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New York Appellate Court Decides Case Involving Manufacturing of China

The complaint alleges two causes of action. For a first cause of action according to a New York Injury Lawyer, was that the plaintiff alleges that – it is a membership corporation of New York State; defendant is a domestic corporation; plaintiff corporation is ‘comprised of member organizations’ which ‘manufacture approximately ninety-five percent (95%) in dollar sales of all restaurant china manufactured in the United States’; prior to the commencement of the action, the several ‘member organizations duly assigned to plaintiff their respective causes of action against the defendant’, growing out of the matters thereafter alleged in the complaint.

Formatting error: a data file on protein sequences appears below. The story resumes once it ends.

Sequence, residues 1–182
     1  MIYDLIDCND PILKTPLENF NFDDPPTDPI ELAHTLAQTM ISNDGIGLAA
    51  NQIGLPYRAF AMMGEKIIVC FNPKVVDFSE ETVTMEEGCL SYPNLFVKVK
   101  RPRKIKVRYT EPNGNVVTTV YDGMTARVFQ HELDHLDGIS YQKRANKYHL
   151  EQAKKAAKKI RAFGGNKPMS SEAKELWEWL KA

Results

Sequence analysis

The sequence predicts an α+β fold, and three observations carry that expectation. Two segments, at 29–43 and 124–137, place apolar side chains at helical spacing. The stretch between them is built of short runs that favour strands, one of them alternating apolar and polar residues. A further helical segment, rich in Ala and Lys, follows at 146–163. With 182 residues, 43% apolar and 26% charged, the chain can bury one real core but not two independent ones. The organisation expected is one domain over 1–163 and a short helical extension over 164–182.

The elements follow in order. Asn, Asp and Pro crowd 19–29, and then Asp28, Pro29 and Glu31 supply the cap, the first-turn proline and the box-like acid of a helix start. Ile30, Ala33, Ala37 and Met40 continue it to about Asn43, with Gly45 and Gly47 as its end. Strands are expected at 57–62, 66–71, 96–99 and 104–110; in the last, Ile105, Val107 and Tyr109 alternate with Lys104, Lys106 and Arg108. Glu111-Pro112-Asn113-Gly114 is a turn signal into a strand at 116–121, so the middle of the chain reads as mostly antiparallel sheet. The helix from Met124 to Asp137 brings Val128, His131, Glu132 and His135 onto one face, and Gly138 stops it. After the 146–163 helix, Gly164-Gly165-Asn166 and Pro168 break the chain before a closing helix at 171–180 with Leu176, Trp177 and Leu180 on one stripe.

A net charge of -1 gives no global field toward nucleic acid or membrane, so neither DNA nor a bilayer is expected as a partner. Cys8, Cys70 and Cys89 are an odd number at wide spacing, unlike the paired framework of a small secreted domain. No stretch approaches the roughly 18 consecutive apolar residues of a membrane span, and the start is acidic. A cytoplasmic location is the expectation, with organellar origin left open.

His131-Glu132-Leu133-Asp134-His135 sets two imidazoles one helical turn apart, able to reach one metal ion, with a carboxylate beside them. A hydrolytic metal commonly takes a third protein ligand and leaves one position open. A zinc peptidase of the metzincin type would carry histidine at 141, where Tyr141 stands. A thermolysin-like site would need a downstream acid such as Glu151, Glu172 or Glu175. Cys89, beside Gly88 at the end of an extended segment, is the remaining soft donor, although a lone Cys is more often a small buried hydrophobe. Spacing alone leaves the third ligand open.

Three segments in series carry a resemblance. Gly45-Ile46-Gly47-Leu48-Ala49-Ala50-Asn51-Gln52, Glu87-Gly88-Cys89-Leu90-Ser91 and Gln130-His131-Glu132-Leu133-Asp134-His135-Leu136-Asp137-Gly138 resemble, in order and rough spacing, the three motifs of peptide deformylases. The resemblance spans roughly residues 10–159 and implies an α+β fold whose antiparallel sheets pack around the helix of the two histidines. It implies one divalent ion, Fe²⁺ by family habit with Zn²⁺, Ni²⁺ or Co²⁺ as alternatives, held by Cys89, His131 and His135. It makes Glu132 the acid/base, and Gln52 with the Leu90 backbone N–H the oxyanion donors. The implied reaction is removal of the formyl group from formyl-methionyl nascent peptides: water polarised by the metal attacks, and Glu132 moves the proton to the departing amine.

Plaintiff’s assignors for many years had manufactured restaurant chinaware and advertised extensively throughout the United States the sanitary nature and other advantages of china dinnerware manufactured by them; by such means they had acquainted the users of and potential customers for, with the names of plaintiff’s assignors as being the manufacturers of such products; by such advertising, the plaintiff’s respective assignors had gained the confidence and respect of the users of their products, particularly as to the sanitary benefits thereof, all of which was reflected in their respective increase of yearly sales; the products of said assignors were received and used with complete confidence by the users thereof, particularly as to their sanitary qualities; the plaintiff’s assignors and the defendant were and are competitors in the manufacture and sale of restaurant ware; the defendant ‘wilfully, maliciously, falsely and fraudulently caused to be published and widely circulated among the users and purchasers of restaurant dinnerware many advertisements allegedly representing the comparative sanitary qualities of the defendant’s product and restaurant china’ and further that ‘upon information and belief, the advertisements of the defendant purported to illustrate and portray the relative sanitary qualities’ of the products ‘as determined by a testing made by a leading, prominent and respected institution in the field of public health’; the alleged ‘test’ was ‘wilfully, maliciously, falsely and fraudulently’ represented by the defendant to show that the products of plaintiff’s assignors were inferior (defective product) to those of the defendant from the standpoint of sanitary quality; the defendant’s advertisements were false and known by the defendant to be false, yet nevertheless were circulated and published to injure and destroy the amicable business relations between the plaintiff’s assignors and their customers to enhance the defendant’s profits; solely by reason of the ‘wilful, malicious, false and fraudulent advertisements’ published and circulated by the defendant, the business of plaintiff’s assignors was reduced and former and potential customers led to believe that such products were of poor sanitary quality (product liability may arise); and, the plaintiff’s assignors were obliged to expend substantial sums for advertising to overcome the false representations of the defendant’s advertising; the plaintiff’s assignors suffered damage in the sum of $1,000,000.